The afternoon was wasted unfortunately. Weíd only been playing for a couple of hours when Gutman accidentally upset the board. He then asked me to run an errand for him. I was very happy to oblige. He wrote the address on a piece of paper. I was to deliver a sack of potatoes. His directions unfortunately were rather vague. Anyway, I set out. It was very warm, real spring weather. Iíd never realized how heavy a sack of potatoes could be, especially in spring. I certainly became acquainted with the town. It has many pleasant landmarks and places of interest, apart from the dogs. But by dusk I still hadnít located the required street. Obviously Gutman had confused the names. The street apparently did not exist. Or at least no-one had heard of Pox Lane when I accosted them. It seems people here donít take very kindly to strangers. In fact they were quite suspicious of me, almost curt. Still, I suppose itís the same everywhere these days. To cut a long story short, I dragged the potato sack wearily home. It was well and truly dark by the time I returned. I found the door bolted for the night, much to my chagrin. They probably thought Iíd found alternative lodgings. Happily a side-window had been left open, just enough for me to scramble through. Christina made me a cup of tea and said she was very sorry that Gutman had sent me on the ill-fated errand.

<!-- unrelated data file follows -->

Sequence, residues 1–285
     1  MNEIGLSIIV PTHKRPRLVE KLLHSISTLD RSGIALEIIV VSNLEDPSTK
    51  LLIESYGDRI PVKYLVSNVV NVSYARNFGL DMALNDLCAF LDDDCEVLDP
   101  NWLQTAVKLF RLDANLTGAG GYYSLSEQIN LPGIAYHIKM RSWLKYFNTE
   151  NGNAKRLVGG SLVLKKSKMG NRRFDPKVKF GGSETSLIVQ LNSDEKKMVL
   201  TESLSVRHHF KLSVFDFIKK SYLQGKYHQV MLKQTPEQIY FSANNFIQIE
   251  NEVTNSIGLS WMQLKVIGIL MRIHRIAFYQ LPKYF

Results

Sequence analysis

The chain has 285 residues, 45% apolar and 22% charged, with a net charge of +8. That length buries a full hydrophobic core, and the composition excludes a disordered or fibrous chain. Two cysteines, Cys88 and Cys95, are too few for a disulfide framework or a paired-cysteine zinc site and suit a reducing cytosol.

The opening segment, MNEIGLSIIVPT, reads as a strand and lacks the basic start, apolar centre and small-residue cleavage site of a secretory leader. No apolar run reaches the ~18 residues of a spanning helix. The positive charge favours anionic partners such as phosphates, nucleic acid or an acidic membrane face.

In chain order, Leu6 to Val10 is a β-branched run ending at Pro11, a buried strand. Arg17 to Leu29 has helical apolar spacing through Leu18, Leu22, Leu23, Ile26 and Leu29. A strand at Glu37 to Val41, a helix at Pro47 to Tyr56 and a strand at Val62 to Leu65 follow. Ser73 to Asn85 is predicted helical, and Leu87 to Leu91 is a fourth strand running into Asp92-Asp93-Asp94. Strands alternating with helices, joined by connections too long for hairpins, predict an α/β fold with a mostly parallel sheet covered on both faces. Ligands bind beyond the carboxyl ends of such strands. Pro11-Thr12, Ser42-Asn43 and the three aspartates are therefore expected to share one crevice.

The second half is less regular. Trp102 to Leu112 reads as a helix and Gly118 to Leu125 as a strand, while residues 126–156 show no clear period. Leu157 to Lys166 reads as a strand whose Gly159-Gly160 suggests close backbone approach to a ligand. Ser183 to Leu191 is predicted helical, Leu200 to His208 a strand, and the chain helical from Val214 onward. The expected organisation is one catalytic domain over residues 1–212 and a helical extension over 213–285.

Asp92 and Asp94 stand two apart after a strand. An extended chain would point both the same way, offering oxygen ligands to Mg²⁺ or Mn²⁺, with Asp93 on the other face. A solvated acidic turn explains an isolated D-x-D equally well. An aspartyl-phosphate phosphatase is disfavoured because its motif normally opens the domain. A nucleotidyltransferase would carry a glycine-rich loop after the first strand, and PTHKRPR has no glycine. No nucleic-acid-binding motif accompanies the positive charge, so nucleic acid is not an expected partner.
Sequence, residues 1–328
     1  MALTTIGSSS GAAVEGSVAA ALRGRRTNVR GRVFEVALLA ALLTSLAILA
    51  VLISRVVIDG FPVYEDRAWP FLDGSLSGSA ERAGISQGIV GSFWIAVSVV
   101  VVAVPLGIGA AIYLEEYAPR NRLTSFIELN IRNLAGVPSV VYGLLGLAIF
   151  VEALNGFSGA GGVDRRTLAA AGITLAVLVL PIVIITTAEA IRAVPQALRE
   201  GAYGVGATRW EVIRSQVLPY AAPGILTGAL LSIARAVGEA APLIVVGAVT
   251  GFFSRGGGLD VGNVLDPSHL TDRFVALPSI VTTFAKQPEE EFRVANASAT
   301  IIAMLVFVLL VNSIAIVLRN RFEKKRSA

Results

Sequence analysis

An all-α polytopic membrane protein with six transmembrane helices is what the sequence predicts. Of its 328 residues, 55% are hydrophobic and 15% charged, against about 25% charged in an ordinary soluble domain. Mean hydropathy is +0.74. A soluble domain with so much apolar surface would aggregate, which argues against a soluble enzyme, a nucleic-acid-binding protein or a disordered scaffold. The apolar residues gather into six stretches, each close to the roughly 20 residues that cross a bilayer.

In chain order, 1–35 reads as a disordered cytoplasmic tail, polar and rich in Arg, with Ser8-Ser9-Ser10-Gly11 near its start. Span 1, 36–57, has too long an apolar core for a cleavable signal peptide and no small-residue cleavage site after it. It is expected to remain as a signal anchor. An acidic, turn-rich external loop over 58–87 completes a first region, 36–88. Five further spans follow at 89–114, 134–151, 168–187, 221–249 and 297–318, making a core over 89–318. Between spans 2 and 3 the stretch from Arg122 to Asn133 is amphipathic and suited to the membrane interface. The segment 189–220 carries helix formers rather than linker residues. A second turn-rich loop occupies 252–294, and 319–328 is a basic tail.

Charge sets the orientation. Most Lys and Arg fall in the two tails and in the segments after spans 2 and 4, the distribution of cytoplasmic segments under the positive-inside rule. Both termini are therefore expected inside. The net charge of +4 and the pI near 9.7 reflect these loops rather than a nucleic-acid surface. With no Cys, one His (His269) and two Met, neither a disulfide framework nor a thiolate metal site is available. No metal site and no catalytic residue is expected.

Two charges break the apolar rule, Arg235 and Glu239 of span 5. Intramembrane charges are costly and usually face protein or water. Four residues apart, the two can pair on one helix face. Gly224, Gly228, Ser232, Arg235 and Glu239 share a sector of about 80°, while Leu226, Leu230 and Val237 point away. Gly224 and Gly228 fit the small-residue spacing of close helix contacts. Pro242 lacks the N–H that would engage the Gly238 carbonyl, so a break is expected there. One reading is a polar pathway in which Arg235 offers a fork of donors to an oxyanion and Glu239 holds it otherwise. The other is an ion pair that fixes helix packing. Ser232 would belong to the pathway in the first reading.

I think I shall retire early tonight. Gutman seems to be in a bad mood for some reason. I can hear him next door, pacing up and down and talking quite loudly. I canít make out what heís saying. Perhaps heís in pain. Something about a nightdress. He keeps telling her to close the window. He must have caught a chill. Oh dear, I almost nodded off. Yes, thatís right. I just remembered what a lovely soft armchair they have in their room. Itís covered in pink flowers and itís tucked right away in the corner. Wouldnít it be wonderful to be able to sleep in the armchair? Just my size. What sweet dreams Iíd have! Speaking of which, I think itís time I retired. Christina said sheíd bring me a cake before bed, but I canít wait up any longer. One last look at the river and then Ďbeddy-byesí as my mother used to say.

September the 12th

Today Iíve decided to break my rule. Itís still quite early in the morning but I thought it best to mention several things before the hectic events of the day drive them from my mind. First and foremost, I found a delicious cake beside my bed when I woke up. How thoughtful and kind of Christina to remember her promise. Iím sure I never mentioned my partiality to cakes, or at least only in passing. Iím afraid cakes have always been my one vice. Still, I suppose there are worse vices in this world than the odd cake. Just the same I shouldnít let it get out of hand.

To pass on to less pedestrian matters. A strange thing happened last night. After only a couple of nights Iíve become very fond of looking at the river from my window, just for a few minutes before I hop into bed. I was very tired last night so I couldnít write it down. I wish I had. It seems quite unreal now, in the light of day. Perhaps I just dreamt it, but Iím sure I didnít. Itís happened before, seeing odd things when Iíve gotten over-tired. And they did warn me about it I suppose. But it was never that real, that definite.